Well, with all the usual fanfare you expect from an Apple event, the iPad 2 has been released…. and as usual, it’s more than what meets the eye, but less than what some people expected (or wanted). For example, alot of the comments I’ve seen in various articles I’ve read a number of people seemed to want a higher resolution display, perhaps something to compete with the 1280 x 800 resolution of the Xoom. Jobs indicated that it’s not about specs and numbers, but rather the “experience” as a whole when using a particular product. Now I have to admit, I’ve pretty much been a numbers guy all my life, and opt for the bigger is better line of thought like the rest of us, but honestly, when it comes right down to it, Jobs is right. Doesn’t the overall experience using the device count in this world of specs numbers and features? I say yes, and more than that…. the overall experience is more important than how many pixels or Mhz or bytes or whatever. Sure, hardware specs are important, but only to a degree. How that hardware is programmed carries alot of weight too, even to the point of causing a lesser machine (hardware wise) to perform better than a faster machine. TMobile’s G2, with it’s 800 Mhz processor outperforms other handsets that have 1 Ghz processors, but if you go strictly by the numbers, the lower performing handset wins.
A good example of this is the iPhone’s 5 mpx camera. All my droid friends out there running around with 8 megapixel cameras wasted no time rubbing in the fact that the upgraded camera on the iPhone was “only 5 megapixels”. Truth be told, the digital camera industry, who went through their pixel wars and finally stopped chasing more pixels, and started to improve on other aspects of the camera such as low light performance…hmm.. just like the iPhone 4. Seems to me that Jobs looks at each component, and then looks the the bigger industry around that component, and bases his decisions around what’s driving those other industries. Take the display for example. Jobs was probably looking at not only cell phone display makers, but television manufacturers, computer monitor manufacturers, etc, and came to the conclusion that ips technology was by far the best when it comes to contrast and viewing angle, hence, the iPhone has a better display than any other smartphone, regardless of the actual end resolution (which is just one part of a display).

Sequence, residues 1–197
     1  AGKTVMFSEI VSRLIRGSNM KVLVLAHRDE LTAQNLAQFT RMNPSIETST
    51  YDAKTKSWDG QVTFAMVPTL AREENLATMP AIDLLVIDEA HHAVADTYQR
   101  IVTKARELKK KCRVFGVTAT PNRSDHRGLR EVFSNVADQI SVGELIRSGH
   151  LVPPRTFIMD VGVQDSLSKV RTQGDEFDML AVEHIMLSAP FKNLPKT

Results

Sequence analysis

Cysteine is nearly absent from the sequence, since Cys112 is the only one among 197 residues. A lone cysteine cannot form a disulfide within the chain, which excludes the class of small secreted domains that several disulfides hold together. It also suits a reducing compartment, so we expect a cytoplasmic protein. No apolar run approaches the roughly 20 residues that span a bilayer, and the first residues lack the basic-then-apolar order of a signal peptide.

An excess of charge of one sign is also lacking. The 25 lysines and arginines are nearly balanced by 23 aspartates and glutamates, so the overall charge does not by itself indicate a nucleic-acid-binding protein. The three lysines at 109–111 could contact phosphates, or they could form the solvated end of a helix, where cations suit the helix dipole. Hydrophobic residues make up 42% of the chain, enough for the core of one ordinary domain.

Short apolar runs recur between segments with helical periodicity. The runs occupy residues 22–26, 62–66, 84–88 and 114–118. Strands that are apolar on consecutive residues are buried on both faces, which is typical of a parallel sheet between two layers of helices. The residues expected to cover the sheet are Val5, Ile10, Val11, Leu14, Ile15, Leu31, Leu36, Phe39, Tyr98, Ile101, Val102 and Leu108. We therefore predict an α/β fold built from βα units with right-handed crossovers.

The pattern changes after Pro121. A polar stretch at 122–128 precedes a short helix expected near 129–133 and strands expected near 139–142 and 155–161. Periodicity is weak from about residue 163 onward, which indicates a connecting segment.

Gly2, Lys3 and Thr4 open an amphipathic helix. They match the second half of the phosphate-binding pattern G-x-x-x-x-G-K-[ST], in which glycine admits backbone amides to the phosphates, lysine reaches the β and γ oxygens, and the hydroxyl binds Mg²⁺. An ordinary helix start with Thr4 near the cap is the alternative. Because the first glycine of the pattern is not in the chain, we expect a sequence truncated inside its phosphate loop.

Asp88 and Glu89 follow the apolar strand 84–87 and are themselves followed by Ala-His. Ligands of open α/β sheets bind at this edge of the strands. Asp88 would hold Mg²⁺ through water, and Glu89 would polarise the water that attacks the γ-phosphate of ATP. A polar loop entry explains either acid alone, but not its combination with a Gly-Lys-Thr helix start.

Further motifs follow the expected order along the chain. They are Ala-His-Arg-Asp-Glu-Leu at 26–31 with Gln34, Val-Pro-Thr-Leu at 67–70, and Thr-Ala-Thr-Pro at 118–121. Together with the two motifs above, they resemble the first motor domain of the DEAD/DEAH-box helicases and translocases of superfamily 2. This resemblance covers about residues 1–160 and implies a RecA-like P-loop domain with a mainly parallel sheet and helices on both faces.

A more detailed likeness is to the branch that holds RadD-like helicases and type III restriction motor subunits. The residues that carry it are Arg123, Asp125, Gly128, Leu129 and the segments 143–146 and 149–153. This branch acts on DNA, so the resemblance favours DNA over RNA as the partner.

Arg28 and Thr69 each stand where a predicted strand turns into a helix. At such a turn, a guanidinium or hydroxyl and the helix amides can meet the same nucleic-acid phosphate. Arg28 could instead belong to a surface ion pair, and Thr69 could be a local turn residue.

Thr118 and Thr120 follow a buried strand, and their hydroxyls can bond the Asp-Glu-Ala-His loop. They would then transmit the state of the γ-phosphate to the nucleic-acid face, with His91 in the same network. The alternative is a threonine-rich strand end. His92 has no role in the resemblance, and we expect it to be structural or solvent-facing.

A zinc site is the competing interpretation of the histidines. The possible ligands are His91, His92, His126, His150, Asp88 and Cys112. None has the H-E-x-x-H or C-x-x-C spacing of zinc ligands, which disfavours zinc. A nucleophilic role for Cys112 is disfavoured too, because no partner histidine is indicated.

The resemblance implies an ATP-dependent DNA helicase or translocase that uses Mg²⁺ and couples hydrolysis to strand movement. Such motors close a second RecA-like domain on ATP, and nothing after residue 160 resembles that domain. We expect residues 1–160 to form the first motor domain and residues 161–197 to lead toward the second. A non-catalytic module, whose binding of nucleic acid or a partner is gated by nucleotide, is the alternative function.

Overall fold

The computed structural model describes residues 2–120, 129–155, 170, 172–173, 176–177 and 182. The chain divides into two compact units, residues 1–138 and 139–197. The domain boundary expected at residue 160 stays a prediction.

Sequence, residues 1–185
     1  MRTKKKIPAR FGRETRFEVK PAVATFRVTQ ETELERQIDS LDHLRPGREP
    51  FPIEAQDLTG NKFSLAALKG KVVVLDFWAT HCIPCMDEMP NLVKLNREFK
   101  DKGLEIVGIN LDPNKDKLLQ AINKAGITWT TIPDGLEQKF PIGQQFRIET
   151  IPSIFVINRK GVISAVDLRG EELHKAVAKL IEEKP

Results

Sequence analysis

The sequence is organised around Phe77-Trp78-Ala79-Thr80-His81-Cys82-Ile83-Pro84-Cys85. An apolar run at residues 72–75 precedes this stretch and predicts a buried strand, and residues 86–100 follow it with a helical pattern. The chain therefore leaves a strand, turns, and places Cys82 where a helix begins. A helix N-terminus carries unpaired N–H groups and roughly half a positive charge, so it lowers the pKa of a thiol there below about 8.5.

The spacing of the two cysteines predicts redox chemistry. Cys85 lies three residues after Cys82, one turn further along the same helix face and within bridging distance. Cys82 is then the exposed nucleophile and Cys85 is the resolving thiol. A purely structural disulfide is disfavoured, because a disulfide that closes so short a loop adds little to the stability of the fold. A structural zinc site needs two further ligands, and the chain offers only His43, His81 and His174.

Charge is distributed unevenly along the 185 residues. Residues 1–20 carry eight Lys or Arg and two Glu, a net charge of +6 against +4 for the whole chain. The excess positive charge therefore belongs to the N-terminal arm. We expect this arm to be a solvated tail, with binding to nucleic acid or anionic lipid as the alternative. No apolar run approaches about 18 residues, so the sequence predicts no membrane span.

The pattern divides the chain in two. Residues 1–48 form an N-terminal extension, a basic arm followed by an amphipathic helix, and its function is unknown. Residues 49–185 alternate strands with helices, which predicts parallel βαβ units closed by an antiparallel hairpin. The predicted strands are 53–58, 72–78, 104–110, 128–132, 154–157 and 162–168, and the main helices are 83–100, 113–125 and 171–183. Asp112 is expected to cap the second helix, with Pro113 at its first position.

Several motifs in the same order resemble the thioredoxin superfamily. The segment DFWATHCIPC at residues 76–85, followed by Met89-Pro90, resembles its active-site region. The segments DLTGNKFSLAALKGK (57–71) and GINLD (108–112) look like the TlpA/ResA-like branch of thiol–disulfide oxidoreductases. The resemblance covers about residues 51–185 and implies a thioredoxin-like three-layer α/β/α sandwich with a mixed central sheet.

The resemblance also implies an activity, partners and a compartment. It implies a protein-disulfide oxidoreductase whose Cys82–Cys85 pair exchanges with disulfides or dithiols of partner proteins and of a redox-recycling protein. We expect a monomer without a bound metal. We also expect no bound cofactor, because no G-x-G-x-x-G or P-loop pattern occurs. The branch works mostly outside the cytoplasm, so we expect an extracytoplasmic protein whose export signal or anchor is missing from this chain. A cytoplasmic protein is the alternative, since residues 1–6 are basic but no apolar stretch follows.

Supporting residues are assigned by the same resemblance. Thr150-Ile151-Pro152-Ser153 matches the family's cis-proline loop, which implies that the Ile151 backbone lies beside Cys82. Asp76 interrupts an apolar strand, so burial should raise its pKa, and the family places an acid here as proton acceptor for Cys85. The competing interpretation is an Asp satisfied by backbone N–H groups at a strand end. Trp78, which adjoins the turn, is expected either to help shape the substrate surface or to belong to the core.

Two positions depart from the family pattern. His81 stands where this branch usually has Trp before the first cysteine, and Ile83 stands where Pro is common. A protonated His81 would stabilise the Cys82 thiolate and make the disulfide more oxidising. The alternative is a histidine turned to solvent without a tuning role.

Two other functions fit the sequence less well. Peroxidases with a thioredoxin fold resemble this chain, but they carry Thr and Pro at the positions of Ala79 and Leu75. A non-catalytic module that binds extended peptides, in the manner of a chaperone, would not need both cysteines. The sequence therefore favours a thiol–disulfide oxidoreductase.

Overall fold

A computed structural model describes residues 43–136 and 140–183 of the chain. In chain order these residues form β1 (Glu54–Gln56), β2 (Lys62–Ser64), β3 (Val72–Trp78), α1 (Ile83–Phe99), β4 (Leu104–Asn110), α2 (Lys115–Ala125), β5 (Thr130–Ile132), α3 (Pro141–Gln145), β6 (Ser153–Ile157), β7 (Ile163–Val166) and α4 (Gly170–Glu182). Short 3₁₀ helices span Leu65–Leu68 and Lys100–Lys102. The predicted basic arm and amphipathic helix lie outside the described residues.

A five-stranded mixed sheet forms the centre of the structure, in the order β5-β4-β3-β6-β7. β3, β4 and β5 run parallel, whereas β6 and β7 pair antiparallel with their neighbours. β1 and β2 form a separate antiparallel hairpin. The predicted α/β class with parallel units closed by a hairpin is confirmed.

Just today, I was talking to someone who has a high end Android device, and he was complaining about having to manage apps and how his phone eats his battery. I told him about iPhone multitasking, how it works, how it conserves battery by stopping apps from running and monitoring 7 key things which have been put under OS control, and how I can go days between charges, and never have to have any sort of task manager running, or need to manage any of it. He was so impressed, as would anyone who understands Apple, and how they work, rather than blindly follow the supposedly “open” source Android (which it’s not anyways). Steve Jobs knows how to design products and build a good user experience, but at the end of the day, I think his biggest challenge is to convince the folks out there that there’s more… much more to a device than it’s spec sheet. Oh… and the iPad 2??? it’s awesome, and that’s all that really needs to be said.